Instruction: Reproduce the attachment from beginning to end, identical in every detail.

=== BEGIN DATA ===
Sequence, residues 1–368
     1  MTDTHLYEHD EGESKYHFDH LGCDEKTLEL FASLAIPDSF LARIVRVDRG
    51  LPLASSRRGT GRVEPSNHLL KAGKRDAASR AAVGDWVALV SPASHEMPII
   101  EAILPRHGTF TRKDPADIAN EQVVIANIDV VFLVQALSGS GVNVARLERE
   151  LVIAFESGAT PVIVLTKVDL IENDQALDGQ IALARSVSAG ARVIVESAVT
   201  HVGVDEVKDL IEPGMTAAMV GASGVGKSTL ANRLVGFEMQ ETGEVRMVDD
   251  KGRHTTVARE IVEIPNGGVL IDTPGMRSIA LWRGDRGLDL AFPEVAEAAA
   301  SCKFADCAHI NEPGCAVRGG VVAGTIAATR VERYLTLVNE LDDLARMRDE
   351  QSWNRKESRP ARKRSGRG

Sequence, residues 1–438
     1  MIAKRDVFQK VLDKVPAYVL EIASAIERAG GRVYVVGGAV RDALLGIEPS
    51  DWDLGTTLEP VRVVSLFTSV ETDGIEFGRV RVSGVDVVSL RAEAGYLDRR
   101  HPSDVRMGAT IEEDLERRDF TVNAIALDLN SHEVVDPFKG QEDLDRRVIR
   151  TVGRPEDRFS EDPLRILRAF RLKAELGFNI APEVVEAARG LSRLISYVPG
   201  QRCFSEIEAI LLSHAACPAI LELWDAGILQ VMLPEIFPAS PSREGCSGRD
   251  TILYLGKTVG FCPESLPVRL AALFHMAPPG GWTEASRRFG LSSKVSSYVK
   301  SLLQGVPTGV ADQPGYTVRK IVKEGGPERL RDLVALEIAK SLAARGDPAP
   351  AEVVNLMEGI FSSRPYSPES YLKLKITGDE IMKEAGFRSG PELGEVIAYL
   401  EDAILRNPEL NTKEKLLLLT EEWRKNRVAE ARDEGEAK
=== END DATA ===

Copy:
Sequence, residues 1–368
     1  MTDTHLYEHD EGESKYHFDH LGCDEKTLEL FASLAIPDSF LARIVRVDRG
    51  LPLASSRRGT GRVEPSNHLL KAGKRDAASR AAVGDWVALV SPASHEMPII
   101  EAILPRHGTF TRKDPADIAN EQVVIANIDV VFLVQALSGS GVNVARLERE
   151  LVIAFESGAT PVIVLTKVDL IENDQALDGQ IALARSVSAG ARVIVESAVT
   201  HVGVDEVKDL IEPGMTAAMV GASGVGKSTL ANRLVGFEMQ ETGEVRMVDD
   251  KGRHTTVARE IVEIPNGGVL IDTPGMRSIA LWRGDRGLDL AFPEVAEAAA
   301  SCKFADCAHI NEPGCAVRGG VVAGTIAATR VERYLTLVNE LDDLARMRDE
   351  QSWNRKESRP ARKRSGRG

Sequence, residues 1–438
     1  MIAKRDVFQK VLDKVPAYVL EIASAIERAG GRVYVVGGAV RDALLGIEPS
    51  DWDLGTTLEP VRVVSLFTSV ETDGIEFGRV RVSGVDVVSL RAEAGYLDRR
   101  HPSDVRMGAT IEEDLERRDF TVNAIALDLN SHEVVDPFKG QEDLDRRVIR
   151  TVGRPEDRFS EDPLRILRAF RLKAELGFNI APEVVEAARG LSRLISYVPG
   201  QRCFSEIEAI LLSHAACPAI LELWDAGILQ VMLPEIFPAS PSREGCSGRD
   251  TILYLGKTVG FCPESLPVRL AALFHMAPPG GWTEASRRFG LSSKVSSYVK
   301  SLLQGVPTGV ADQPGYTVRK IVKEGGPERL RDLVALEIAK SLAARGDPAP
   351  AEVVNLMEGI FSSRPYSPES YLKLKITGDE IMKEAGFRSG PELGEVIAYL
   401  EDAILRNPEL NTKEKLLLLT EEWRKNRVAE ARDEGEAK